Grange: Iraqis fight with 'economy of force'
'Take advantage of weather and terrain'
(CNN) -- With Iraqi units offering resistance against coalition forces in southern Iraq, retired U.S. Army Brig. Gen. David Grange, a CNN military analyst, discussed their fighting methods on Tuesday:
The Iraqis are performing "economy of force" missions. The prime goal of these missions is to delay action, especially in Baghdad. The Iraqis want to delay, confuse, disrupt, and harass coalition forces as much as they can with the smallest amount of resources.
They are going to use the plain-clothed Fedayeen paramilitaries and other, different kinds of hardcore Baath party supporters who are integrated into the cities to force units to fight. They are going to perform operations behind the lines, attack logistical bases, and cut roads where coalition support and supply units are moving.
Weapons-wise, as we see now with the 3rd Squadron, 7th Cavalry unit, the Iraqis don't want to fight with tanks because they know the tanks will be destroyed. Instead, they are using snipers to shoot at the vehicles, sometimes with RPGs (rocket-propelled grenades).
The Iraqis will take advantage of weather and terrain, like bridge crossings and narrow town streets, where the ground becomes restricted and coalition vehicles must be tightened into one column. Similarly, the Iraqis could shoot from farmhouses, irrigation ditches or behind people.
They will also continue to use deception, where they dress in civilian clothes or pretend to surrender, and then unexpectedly pull out a gun and start shooting. These operations will continue all the way back to Baghdad.
But such a situation doesn't mean the fighting around Basra, Nasiriya and Karbala won't continue. Economy of force harassment missions will continue to happen even when coalition forces get to the main defenses of their Republican Guard units.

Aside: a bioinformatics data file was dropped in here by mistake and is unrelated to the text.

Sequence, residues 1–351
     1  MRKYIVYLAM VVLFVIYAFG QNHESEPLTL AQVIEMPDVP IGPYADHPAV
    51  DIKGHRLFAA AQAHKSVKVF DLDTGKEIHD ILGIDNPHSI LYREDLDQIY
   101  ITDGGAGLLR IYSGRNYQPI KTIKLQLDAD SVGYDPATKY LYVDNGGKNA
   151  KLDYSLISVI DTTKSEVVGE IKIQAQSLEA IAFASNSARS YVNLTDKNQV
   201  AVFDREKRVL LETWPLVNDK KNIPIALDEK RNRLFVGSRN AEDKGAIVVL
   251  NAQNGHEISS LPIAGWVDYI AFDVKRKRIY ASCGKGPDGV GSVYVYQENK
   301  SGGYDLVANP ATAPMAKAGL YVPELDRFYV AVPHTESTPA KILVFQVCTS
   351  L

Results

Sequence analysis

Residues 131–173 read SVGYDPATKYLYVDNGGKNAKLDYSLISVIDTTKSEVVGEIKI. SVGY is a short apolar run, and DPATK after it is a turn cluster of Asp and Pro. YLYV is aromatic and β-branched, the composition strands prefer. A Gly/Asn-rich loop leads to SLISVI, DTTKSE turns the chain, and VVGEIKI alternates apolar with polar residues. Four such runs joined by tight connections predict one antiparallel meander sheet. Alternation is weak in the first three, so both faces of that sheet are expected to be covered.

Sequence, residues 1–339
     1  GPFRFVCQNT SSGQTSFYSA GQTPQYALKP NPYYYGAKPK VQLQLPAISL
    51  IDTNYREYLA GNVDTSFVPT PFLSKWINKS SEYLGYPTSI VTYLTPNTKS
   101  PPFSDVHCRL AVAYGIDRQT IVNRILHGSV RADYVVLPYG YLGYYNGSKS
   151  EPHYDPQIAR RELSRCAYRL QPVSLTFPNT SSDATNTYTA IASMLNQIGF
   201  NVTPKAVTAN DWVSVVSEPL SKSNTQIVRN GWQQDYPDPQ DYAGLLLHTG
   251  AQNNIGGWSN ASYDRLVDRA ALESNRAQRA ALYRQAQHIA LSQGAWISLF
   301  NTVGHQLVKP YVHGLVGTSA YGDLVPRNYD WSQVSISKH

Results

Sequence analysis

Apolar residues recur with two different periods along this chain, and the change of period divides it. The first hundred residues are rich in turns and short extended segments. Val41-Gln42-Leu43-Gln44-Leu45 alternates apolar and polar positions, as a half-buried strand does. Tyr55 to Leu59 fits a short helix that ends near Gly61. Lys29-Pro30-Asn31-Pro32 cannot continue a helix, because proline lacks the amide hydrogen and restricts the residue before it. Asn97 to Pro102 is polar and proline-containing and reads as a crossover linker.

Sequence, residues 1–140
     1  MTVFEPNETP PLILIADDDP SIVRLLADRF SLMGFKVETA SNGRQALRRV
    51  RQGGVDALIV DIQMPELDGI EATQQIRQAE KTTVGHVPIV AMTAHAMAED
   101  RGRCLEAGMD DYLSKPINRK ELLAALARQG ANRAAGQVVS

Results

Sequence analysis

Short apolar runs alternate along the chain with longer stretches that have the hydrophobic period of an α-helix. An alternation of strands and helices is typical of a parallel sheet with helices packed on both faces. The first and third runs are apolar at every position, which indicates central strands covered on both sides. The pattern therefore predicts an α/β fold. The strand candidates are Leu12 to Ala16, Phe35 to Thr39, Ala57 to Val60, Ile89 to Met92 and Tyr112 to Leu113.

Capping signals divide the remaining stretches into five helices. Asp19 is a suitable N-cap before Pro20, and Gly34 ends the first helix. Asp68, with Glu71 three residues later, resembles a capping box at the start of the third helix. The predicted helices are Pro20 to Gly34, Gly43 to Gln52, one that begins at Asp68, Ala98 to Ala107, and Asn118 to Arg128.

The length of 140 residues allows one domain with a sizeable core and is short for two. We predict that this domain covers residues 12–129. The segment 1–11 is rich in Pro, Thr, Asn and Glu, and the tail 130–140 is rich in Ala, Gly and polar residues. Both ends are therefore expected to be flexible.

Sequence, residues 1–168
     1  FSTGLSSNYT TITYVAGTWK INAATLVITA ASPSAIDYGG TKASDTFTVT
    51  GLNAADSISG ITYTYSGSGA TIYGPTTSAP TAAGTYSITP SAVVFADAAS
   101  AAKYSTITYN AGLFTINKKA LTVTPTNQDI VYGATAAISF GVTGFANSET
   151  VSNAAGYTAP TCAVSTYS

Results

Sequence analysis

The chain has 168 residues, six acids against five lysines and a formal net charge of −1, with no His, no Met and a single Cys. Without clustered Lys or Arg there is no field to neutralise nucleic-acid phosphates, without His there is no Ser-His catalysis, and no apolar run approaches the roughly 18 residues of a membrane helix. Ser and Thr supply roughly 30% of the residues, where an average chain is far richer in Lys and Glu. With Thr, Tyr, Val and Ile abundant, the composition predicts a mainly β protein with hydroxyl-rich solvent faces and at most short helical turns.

The coalition hasn't seen much of these tactics in the North yet, but it can expect the same skirmishes there.
Fighting an economy of force attack is difficult. It's harder than fighting the strong forces because the coalition forces have rules of engagement where they try not to kill civilians. The coalition forces also want to avoid destroying too much infrastructure. As the United States saw with the Viet Cong's guerrilla methods during the Vietnam War, it is difficult to root out opposing forces when they blend into the population.
To be successful, the coalition forces have to use people that know how to fight these tactics – people who understand guerrilla operations and urban warfare. British commandos have practiced these techniques in Northern Ireland, Cyprus and Malaysia, but U.S. special operations and Army infantry are also skilled.
A problem is that many of the support units in the rear areas are not trained in this type of fighting. To help protect the support units, leaders will designate ground and air tactical units to watch key areas. They will also have several protective reaction forces on standby throughout southern Iraq.
The coalition forces too will have to continually attempt to persuade the everyday people not to listen to the paramilitary Iraqi forces. Down south in Basra and Nasiriya, the people really would turn on the paramilitaries if they weren't afraid. The farther north the coalition forces get, the more the civilians will revolt against the Fedayeen and other Iraqi units.
The humanitarian aid will help if it gets to the right people. The coalition forces need to continue to try to influence the public because the coalition cannot do it by themselves.
Retired Brig. Gen. David Grange served in the U.S. Army for 30 years. He last served as commanding general of the 1st Infantry Division, the "Big Red One." In that position, he served in Germany, Bosnia, Kosovo and Macedonia. During his military career, Grange served as a Ranger and Green Beret. Grange is currently an executive vice president and chief operating officer at the Robert R. McCormick Tribune Foundation in Chicago. He is one of CNN's military analysts, along with retired U.S. Army Gen. Wesley Clark and retired Maj. Gen. Don Shepperd. Their briefings will appear daily on CNN.com.
EDITOR'S NOTE: CNN's policy is to not report information that puts operational security at risk.